The 18th century eruption of Makaturing volcano, Philippines: A catalyst for slavery, raiding and regional conflict

TitleThe 18th century eruption of Makaturing volcano, Philippines: A catalyst for slavery, raiding and regional conflict
Publication TypeConference Paper
Year of Publication2018
AuthorsPhua M, Jenkins S, Warren J, Bouvet de la Maisonneuve C
Conference NameNew Dimensions for Natural Hazards in Asia: An AOGS-EGU Joint Conference
Date Published02/2018
Conference LocationTagaytay, Philippines
Abstract

The eruption of Makaturing volcano in Mindanao, Philippines circa 1765 displaced the local Maranao-speaking Iranun people, who relocated as far as the west coast of Borneo, significantly impacting the history of Southeast Asia. Deprived of their former way of life, the Iranun sea raiders roamed the seas of neighbouring coasts from New Guinea and the Moluccas to mainland Southeast Asia. Their exploits had the immediate effects of severely disrupting traditional trade routes and striking great fear into coastal populations across Southeast Asia. No record of the eruption exists in global eruption catalogues. Historical accounts provide limited spatial information about the characteristics of the eruption, with pyroclastic density currents “littering the landscape and harbour with tons of stones and huge boulders” (deposits > 2 m thick) and ash deposited 40 leagues (230 km) to the southwest of the volcano in the Sulu archipelago. We use a numerical ash dispersal model to reconstruct the eruption dynamics, duration and impacts, as well as to constrain the time of year of the eruption. The direction of ash dispersal and reported deposit characteristics suggest that the eruption happened towards the end of the year and was relatively low magnitude, reinforcing the importance of context in the assessment of eruption consequences.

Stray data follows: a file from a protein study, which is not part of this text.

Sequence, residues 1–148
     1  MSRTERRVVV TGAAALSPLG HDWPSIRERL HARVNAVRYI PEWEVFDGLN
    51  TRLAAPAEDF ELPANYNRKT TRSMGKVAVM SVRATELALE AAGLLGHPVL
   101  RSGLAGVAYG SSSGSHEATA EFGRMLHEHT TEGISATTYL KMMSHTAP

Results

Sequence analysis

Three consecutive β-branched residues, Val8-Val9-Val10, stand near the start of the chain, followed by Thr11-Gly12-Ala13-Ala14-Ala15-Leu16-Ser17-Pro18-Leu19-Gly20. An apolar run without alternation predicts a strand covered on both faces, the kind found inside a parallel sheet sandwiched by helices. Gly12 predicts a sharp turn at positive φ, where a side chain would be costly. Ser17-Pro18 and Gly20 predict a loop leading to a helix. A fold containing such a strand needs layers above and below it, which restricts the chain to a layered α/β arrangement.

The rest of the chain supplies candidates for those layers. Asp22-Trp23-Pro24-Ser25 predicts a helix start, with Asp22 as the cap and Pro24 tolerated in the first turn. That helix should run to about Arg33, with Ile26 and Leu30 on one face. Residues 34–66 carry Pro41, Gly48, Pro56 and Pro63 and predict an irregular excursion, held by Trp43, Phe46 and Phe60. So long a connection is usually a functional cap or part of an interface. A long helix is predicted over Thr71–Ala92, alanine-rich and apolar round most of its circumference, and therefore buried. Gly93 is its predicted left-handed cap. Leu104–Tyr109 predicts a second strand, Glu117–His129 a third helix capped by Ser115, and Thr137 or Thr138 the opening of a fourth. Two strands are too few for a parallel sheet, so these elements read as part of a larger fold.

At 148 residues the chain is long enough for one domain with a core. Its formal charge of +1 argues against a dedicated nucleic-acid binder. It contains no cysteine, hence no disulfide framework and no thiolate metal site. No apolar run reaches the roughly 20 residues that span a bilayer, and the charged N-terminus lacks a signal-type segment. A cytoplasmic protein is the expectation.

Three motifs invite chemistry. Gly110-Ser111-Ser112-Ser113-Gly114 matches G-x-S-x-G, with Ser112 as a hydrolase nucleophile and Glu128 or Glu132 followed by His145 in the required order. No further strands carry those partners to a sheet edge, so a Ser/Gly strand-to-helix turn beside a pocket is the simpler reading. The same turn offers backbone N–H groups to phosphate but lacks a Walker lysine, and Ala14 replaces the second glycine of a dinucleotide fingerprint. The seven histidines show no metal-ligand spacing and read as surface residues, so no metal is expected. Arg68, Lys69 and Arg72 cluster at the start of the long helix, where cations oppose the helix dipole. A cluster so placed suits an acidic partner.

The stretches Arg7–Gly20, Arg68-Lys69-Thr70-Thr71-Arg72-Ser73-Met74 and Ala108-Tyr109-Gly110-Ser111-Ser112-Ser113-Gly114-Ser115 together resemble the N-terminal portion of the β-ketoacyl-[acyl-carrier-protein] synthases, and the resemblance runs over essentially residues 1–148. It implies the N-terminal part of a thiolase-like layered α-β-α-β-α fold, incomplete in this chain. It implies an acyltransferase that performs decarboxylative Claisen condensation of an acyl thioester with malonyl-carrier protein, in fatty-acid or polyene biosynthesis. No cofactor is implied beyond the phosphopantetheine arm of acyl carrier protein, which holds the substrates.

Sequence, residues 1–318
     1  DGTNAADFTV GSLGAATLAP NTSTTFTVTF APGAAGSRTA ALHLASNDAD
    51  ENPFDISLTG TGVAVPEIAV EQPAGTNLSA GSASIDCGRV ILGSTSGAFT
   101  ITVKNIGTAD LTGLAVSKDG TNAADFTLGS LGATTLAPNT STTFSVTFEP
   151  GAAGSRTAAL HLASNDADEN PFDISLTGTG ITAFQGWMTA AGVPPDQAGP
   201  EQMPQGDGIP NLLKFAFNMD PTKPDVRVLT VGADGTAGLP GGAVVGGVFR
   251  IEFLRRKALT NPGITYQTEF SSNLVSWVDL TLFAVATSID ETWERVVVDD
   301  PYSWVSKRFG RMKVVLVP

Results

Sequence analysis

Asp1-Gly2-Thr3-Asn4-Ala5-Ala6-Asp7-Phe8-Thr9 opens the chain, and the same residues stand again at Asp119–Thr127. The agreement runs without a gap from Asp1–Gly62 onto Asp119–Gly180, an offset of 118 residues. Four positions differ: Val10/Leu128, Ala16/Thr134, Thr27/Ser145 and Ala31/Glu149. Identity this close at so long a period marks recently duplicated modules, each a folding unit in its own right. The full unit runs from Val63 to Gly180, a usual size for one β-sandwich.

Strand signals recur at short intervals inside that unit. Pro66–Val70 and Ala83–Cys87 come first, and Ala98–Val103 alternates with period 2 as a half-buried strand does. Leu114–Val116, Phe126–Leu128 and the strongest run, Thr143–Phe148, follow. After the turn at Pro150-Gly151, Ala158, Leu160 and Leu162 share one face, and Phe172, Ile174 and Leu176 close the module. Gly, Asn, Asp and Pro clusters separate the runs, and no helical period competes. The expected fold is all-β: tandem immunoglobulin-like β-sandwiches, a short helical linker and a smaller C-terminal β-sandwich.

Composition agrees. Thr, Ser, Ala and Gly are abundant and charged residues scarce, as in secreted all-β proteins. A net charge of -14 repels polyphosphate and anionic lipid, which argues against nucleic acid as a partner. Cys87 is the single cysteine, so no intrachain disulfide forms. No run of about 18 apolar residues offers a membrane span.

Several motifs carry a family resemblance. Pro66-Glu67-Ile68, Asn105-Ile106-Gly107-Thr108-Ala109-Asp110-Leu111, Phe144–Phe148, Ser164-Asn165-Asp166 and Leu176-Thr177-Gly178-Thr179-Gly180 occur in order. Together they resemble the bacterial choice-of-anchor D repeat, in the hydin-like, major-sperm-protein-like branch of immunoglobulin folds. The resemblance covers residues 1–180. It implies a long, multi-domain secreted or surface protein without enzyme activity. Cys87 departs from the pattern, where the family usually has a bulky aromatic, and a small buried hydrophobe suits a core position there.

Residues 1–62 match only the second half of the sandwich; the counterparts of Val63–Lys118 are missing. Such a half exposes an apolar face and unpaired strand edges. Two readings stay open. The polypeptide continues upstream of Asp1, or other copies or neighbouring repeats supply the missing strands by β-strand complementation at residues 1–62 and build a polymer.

The 18th century eruption of Makaturing volcano, Philippines: A catalyst for slavery, raiding and regional conflict